In the Studio with Krishen Khanna

Krishen Khanna in his Gurugram studio. Courtesy of Manisha Gera Baswani

January 9, 2020

Share

Art writer Rosalyn D’Mello describes her day at the artist’s studio, recounting a few of the stories he told her about his life as a young man

Krishen Khanna’s living room is bathed in light. He’s seated on a sofa. As ever, he is excited to have an audience. Now in his nineties, his body is fragile but the sharpness of his memory gives him the authority of a storyteller. Whether within the privacy of his home, or the very public space of an opening, his listeners find themselves spellbound.  

Khanna has an anecdote about every artist. Many of the stories he told me corroborated what I heard from A. Ramachandran, Akbar Padamsee and Himmat Shah during my recent visits to their studios. He is quick to recollect an incident from some 15 or 20 years ago where he stepped in to resolve an argument about unpaid rent between Himmat Shah and a government officer. Shah had asked Khanna if he could help. “So I went over there and threw my weight around,” says Khanna. He was asked by the officer if he could guarantee that Shah would pay his rent. “I said yes. I signed whatever he wanted me to and said, ‘he [Shah] will pay in stages, what is wrong with that?’. I have a financial background as I worked in a bank, you see. And he understood that.”

Because he spent many years as a banker at Grindlays, Khanna was often referred to as the “banker-painter”. In a profile of the artist written in 1957 in The Statesman, Richard Bartholomew refers to him as such, qualifying him as a man of many tastes who “manages to salvage the time necessary to be a full-time painter, despite the fact that he works in a bank in Madras.” Khanna had told Bartholomew about his strategy, which involved painting at night. “I have one long sitting, from nine in the evening to three in the morning. I don’t build up my pictures from preliminary sketches. I work straight on the canvas. When I smear the base paint, I make the first contact with the canvas and the image grows from there. Painting is all about image making.”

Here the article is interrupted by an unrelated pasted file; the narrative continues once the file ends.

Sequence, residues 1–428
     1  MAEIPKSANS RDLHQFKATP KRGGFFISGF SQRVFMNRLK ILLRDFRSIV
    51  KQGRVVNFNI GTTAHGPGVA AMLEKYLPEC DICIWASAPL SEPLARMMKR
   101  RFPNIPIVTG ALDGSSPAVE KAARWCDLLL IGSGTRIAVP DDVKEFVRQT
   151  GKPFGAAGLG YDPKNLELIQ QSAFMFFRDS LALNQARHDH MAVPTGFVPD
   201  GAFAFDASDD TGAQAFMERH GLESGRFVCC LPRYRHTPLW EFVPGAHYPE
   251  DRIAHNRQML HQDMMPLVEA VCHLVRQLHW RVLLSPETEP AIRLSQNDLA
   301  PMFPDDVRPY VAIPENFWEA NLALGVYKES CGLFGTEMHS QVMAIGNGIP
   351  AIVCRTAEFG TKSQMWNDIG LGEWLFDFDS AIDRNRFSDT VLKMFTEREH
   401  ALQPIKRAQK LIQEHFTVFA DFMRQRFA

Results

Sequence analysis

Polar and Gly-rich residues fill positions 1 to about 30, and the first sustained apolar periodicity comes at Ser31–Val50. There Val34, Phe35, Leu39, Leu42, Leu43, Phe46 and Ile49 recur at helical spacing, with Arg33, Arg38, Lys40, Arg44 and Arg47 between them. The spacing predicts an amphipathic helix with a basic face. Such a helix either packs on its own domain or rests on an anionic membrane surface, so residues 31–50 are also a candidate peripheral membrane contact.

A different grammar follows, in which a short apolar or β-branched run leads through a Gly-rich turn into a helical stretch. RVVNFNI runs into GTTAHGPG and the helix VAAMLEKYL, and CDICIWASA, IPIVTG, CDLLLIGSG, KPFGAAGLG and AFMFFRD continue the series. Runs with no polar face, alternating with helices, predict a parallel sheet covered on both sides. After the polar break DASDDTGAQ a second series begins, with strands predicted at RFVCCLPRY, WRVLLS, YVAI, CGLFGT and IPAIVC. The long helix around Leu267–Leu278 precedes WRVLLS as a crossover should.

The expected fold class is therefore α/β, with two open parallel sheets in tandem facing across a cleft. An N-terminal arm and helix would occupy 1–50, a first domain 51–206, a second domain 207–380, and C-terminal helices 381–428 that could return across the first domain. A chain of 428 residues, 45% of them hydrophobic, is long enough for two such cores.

A portrait of the artist. Courtesy of DAG

As we chat over coffee, his wife, Renu, joins us. The couple met as children in Lahore. “I was seven and she was five,” Khanna says. They had the same caretaker whom they recall had announced that the two would get married someday. “His father and my father were teaching at the same college in Lahore,” Renu remembers. “Her father taught Philosophy and Psychology, and she went to London to study the same subjects,” Khanna says proudly. “She actually worked as a psychologist there, and later in Manchester and Bombay. For 22 years she has been teaching,” he points out. The artist remembers a time when Renu was on the boat to England to go to university. “I was offered a job by an advertising firm in Bombay, and I wrote to her while she was still on the ship, asking ‘I got this job, should I take it?’ She sent me a message saying, ‘No! Don’t take it, because advertising is not your calling’”. 


“I have one long sitting, from nine in the evening to three in the morning. I don’t build up my pictures from preliminary sketches. I work straight on the canvas. When I smear the base paint, I make the first contact with the canvas and the image grows from there. Painting is all about image making.”


The two struggle to remember the year they got married. “It was 1952, I think,” Renu says. Khanna is not convinced. “No, 1950. And we got married in Simla. This painting that I’m currently working on is a scene from the festivities,” Khanna adds. I ask if Renu has often given him feedback on his work. “Oh yes, of course she does,” he replies. “I appreciate his work very much, and I like it a lot,” she says. 

When Khanna finally leads me downstairs to his basement studio, I marvel at all the memorabilia — the scholia, fragments of photographs, cases of single malt whiskey repurposed to store brushes, and other paraphernalia. There are bottles filled with chipped-off paint that Khanna intends to display as a form of installation. I also see a desk cluttered with files. He says that they contain all his correspondence with members of the Progressive Artists’ Group, and that he finally has found someone to catalogue them. 

In another corner of the room, the light strains in from slats in the window. I behold the painting he’d been speaking about all afternoon. It is indeed a fragment of a memory, reminiscing about the day that he and Renu got married. He looks at it lovingly. More than two hours have passed since I arrived. He asks if we can go back upstairs, as he is getting tired. I sense that this is my cue to leave. I escort him back to where Renu is sitting. 

“Wait, stay for a little bit longer,” he says. “Have I told you about the work I want to do with the photographic negatives?” And just like that, he baits me. Another hour passes. After leaving it strikes me that once he quit his full-time job, he exchanged the title of “banker-artist” for a more fulfilling replacement: that of a legendary storyteller. 

Born in 1925, Krishen Khanna is one of India’s finest living modern artists. He is the recipient of several prestigious awards, including the Padma Shri and Lalit Kala Ratna. He is represented by Vadehra Art Gallery and has shown at India Art Fair in previous years.

Newer Explore More Stories Older